Amazon's Arrival In Australia (Digital Cheat Sheets)
Five Article Summaries To Bring You Up To Speed With Amazon's Arrival In Australia
Learn how Amazon transformed the US market, discover how they are expected to disrupt the Australian market, and find out why some experts believe they’ve bitten off more than they can chew.
1. Amazon In A Nutshell (From The Horse’s Mouth)
Why It’s Important: Quickly get up to speed with Amazon’s various product lines, review business performance and understand key objectives for coming years.
- Strong Sales Growth: 2016 Q4 revenues reached $43.74 billion, up from $35.75 billion last year.
- Market Forces In Their Favour: Amazon’s 19% direct ecommerce growth is not to be sneezed at, but it is only moderately higher than forcasted industry averages for the US and UK (15% and 16% respectively).
- New Territories: In 2015, Amazon reported $45.2B in revenue from non-US markets. The lion’s share of this came from three countries (Germany, Japan and the UK). Whilst Amazon’s other non-US markets are still well behind, they still grew by 52% over the past year.
- Investing In Growth: Amazon invested almost 5% ($6.7B) of their total revenue into things like cargo hubs, warehouses and Boeing 767 leases.
2. Here’s What All The Fuss Is About...
Why It’s Important: Amazon has innovation on their side. If you’re not already familiar with Amazon’s diverse offerings, watch these videos and you will begin to see how they plan on disrupting retail as we know it.
Amazon Prime lets customers get the physical and digital products they want, fast. In the US, they boast over 50 million products - including groceries - that can be delivered to your door in as little as two hours.
Amazon Go is a disruptive shopping experience that lets customers walk into a store, pick up the goods they want, and walk right out without a traditional checkout process.
3. Amazon Topples Big Retail In The USA
Why It’s Important: Aussie retailers are not the first ones to go up against Amazon. Traditional retailers in the US have suffered significant losses as a result of their inability to innovate and adapt. Now Aussie retailers must learn from their mistakes or suffer the same fate.
- Old Giants Feeling The Pinch: Three major US retailers (Macy’s, Sears and Kohl’s), have announced the closure of hundreds of stores, tens of thousands of job cuts and plummeting share prices, as a result of competitive pressures against online giants like Amazon.
- Amazon Continues To Thrive: This comes as a stark contrast to Amazon reporting its best holiday period ever - selling more than a billion products worldwide.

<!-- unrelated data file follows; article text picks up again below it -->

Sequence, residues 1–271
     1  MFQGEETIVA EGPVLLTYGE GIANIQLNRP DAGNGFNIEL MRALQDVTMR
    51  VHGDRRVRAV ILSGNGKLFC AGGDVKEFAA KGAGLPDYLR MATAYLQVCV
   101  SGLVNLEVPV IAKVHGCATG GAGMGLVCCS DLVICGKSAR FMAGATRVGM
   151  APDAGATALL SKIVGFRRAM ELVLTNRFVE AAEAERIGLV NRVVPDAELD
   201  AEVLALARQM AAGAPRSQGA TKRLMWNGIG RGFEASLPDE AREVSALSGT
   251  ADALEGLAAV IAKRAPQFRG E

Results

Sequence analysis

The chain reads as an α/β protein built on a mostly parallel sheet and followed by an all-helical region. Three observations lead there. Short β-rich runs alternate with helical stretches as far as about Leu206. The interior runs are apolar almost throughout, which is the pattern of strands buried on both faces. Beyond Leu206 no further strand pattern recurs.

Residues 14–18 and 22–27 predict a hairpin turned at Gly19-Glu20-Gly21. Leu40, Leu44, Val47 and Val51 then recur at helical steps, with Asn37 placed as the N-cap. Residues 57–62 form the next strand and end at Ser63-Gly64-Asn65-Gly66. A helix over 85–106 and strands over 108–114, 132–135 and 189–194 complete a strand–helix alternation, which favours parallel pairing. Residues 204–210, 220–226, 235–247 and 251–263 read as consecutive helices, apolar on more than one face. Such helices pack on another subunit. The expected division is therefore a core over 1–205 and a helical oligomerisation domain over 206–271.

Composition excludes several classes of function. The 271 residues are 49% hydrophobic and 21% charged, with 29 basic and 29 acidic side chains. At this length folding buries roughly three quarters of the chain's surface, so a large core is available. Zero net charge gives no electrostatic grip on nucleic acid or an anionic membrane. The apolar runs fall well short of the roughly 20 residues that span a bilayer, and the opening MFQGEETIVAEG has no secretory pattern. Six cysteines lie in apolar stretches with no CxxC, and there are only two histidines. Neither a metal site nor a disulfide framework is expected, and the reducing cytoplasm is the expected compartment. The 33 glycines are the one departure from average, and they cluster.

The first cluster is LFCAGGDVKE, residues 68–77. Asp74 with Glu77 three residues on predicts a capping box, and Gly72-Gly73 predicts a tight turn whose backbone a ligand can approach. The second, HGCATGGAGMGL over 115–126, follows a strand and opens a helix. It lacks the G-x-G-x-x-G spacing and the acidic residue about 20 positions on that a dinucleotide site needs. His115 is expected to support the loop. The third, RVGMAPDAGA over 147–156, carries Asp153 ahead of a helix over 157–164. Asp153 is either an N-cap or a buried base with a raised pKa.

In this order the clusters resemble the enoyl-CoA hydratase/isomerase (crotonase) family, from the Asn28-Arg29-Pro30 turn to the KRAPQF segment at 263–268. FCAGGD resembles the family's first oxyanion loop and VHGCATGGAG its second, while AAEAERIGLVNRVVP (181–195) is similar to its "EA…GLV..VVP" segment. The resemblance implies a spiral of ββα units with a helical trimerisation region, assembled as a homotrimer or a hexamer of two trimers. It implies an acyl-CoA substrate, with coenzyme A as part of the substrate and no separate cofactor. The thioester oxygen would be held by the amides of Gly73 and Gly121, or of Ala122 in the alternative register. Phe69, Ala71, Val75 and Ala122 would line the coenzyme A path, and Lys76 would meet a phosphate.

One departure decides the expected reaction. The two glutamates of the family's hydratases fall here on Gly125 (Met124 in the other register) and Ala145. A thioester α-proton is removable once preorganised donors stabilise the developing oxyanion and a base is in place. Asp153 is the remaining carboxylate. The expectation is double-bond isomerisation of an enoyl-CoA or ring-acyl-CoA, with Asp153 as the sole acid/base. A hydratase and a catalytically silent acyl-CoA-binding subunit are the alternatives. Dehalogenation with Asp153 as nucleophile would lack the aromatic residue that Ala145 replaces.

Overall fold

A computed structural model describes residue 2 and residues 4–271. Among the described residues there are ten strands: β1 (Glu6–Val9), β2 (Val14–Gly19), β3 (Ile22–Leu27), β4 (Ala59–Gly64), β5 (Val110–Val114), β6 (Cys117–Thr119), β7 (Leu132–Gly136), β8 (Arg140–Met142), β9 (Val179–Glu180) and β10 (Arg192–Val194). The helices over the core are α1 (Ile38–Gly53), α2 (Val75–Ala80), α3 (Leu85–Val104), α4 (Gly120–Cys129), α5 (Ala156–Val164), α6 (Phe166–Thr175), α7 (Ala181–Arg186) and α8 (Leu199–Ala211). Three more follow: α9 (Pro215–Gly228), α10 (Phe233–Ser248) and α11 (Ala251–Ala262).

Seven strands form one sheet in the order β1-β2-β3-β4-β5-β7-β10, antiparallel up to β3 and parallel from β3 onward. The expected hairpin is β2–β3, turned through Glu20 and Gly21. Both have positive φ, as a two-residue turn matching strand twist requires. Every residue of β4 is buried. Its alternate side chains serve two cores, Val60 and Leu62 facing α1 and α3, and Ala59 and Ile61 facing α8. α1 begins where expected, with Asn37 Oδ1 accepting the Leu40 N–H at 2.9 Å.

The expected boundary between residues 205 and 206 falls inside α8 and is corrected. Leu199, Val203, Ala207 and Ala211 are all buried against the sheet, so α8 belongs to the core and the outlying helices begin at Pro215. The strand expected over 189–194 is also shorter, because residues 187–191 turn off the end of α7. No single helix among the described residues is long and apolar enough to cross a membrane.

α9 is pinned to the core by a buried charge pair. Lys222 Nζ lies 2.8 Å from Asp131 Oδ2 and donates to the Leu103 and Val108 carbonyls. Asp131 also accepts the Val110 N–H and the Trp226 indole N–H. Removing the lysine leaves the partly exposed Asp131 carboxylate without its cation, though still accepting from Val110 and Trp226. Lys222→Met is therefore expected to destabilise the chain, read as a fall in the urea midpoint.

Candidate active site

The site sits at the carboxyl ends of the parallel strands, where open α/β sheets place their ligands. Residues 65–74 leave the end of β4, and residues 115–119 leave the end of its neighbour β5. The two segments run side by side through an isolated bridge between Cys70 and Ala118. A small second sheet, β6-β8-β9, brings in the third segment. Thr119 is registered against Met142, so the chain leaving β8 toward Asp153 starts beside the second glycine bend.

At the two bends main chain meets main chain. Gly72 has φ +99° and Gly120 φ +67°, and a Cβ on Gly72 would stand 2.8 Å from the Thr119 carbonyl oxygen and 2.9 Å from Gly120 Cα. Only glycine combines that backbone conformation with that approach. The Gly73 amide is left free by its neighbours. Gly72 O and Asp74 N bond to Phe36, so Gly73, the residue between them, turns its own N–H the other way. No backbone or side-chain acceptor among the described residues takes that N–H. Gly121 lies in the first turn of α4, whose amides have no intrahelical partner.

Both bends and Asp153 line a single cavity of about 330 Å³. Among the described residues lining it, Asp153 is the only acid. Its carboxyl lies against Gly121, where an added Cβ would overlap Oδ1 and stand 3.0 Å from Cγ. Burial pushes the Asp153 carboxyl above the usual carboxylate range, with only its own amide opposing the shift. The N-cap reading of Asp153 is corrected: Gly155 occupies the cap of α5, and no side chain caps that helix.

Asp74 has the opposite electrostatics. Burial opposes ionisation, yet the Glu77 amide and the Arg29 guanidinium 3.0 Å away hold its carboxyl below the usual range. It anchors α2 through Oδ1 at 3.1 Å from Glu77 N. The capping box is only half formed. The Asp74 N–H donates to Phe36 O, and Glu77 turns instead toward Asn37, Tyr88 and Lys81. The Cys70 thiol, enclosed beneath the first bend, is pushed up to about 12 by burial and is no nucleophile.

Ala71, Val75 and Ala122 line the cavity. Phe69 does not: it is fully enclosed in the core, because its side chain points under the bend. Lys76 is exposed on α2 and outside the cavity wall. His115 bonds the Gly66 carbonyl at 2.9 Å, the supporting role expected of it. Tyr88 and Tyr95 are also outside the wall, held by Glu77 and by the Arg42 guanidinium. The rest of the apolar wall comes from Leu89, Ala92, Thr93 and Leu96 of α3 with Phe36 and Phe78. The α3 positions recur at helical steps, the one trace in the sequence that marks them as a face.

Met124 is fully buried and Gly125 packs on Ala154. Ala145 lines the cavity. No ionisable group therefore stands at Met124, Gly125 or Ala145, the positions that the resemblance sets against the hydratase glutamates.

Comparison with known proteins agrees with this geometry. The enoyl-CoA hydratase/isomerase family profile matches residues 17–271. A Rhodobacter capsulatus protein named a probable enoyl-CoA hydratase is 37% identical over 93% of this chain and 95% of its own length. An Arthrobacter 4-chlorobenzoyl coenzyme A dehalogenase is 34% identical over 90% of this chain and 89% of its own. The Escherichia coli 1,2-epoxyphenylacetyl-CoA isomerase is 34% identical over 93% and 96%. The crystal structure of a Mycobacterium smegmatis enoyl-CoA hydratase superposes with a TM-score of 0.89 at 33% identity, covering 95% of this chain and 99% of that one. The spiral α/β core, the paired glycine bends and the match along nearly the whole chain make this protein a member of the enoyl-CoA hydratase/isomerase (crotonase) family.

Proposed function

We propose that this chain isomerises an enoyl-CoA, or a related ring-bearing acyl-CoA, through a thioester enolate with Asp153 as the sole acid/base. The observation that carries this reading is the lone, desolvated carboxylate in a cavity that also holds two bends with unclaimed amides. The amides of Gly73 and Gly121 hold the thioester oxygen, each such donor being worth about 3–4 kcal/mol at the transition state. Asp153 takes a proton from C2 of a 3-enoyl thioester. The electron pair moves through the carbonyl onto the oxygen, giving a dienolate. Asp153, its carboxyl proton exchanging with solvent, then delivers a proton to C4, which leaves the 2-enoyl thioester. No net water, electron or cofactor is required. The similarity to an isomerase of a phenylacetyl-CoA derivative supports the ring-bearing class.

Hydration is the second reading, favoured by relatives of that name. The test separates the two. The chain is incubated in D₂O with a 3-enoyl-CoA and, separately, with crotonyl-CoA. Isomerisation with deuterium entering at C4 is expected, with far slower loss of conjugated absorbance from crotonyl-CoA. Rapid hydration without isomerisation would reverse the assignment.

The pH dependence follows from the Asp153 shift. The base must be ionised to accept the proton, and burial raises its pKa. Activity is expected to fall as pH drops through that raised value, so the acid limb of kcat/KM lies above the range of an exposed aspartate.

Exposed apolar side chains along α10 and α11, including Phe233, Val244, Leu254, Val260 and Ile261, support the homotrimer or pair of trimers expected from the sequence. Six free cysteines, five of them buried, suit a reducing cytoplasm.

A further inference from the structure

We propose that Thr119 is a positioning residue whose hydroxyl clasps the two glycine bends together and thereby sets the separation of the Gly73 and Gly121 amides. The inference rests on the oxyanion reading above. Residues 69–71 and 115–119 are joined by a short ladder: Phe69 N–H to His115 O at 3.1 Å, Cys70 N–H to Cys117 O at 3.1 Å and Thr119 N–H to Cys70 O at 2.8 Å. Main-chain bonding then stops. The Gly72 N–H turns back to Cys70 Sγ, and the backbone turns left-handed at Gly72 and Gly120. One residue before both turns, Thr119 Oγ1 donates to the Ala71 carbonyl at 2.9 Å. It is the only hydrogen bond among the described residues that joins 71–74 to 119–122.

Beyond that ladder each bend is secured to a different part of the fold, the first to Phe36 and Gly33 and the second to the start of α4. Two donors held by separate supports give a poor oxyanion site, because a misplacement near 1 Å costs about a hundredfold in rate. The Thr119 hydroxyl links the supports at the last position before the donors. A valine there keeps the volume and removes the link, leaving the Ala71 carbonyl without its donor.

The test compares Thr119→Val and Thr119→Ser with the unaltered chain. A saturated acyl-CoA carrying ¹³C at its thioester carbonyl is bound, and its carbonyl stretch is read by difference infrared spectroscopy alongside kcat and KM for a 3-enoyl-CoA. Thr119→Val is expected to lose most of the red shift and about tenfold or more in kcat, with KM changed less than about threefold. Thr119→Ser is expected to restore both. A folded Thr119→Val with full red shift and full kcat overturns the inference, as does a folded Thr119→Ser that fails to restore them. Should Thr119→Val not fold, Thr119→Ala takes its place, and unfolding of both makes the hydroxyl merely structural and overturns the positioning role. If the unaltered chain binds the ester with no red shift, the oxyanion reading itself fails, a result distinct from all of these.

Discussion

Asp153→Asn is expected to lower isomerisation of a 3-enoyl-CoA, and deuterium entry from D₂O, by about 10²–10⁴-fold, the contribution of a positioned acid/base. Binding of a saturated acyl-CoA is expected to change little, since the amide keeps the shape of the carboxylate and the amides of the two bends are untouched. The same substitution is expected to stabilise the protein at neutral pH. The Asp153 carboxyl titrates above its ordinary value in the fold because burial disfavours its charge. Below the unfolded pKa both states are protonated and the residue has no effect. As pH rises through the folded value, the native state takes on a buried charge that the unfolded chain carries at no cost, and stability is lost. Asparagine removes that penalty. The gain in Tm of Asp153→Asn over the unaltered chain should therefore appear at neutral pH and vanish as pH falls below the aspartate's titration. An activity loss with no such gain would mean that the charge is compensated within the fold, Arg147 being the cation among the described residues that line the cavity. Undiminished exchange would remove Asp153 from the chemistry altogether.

- "Immune" Segments Have Suffered: Steve Odland, a former top US retail executive, has said Australian retailers could suffer the same fate unless something dramatic were to change. He highlighted that industries that were once deemed immune from online threats (e.g. clothing businesses), were now being consumed by Amazon.
- Protected For Now: Businesses that provide a unique in-store experience or specialise in luxury products, were expected to be most protected from Amazon’s advances.
4. Amazon In Australia: A Disruptive View
Why It’s Important: Some retailers have chosen to bury their head in the sand ahead of Amazon’s arrival. However, estimates suggest that unless properly prepared, Amazon could pick up significant chunks of market share almost overnight.
- Watch Out Electronics: Analysts expect consumer electronic stores will be amongst those most impacted. According to studies by Citi, JB Hi-Fi and Harvey Norman could fall by as much as 23% and 19% respectively.
- “Safe” Markets First: Whilst Amazon’s entrance to the grocery space is seemingly inevitable, experts predict they will go after “safer” markets like electronics, toys, fashion and office supplies first.
- Executive Warning: Richard Goyder, the outgoing CEO of Wesfarmers’, is quoted as saying that Amazon would “eat all our breakfasts, lunches and dinners” if retailers do not become more competitive.
- Partnership Opportunity: One opportunity could be for existing retailers, especially Coles and Woolworths, to explore partnerships that leverage their existing presence and Amazon’s distribution processes.
- Strong Forecasts: Forecasts estimate Amazon’s revenues to reach $3.5-4 billion, or 14 per cent of Australia’s online sales and 1.1 per cent of traditional retail.
5. Amazon In Australia: A Skeptic’s View
Why It’s Important: Not everyone agrees that Amazon can swoop in and disrupt Aussie retailers overnight. Commentators argue that Australians already have a huge range of retail options available to them and that our retail landscape is unique and challenging.
- Already Spoilt For Choice: Other experts aren’t so sure Amazon’s entrance will be so disruptive, reminding us that Australian consumers already have a flood of options to choose from in the online retail and grocery space.
- Supermarkets Evolving: Coles and Woolworths (and many others) have offered online grocery sales for many years now, with competitive features like free shipping and same-day delivery in some cases.
- Online vs. Offline: Commentators argue that it’s not a case of Amazon versus the old guard of Australian retailers, but rather offline buying habits versus online adoption.
- Breaking Old Habits: For Amazon to penetrate the market, they’ll need to offer price and shipping options that are attractive enough to overcome existing consumer loyalty, convenience and habit, which is easier said than done.
- Home-ground Advantage: Australia is a smaller, more dispersed market with a lower proportion of retail spending. This could give existing players a home-ground advantage and create unfamiliar challenges for Amazon.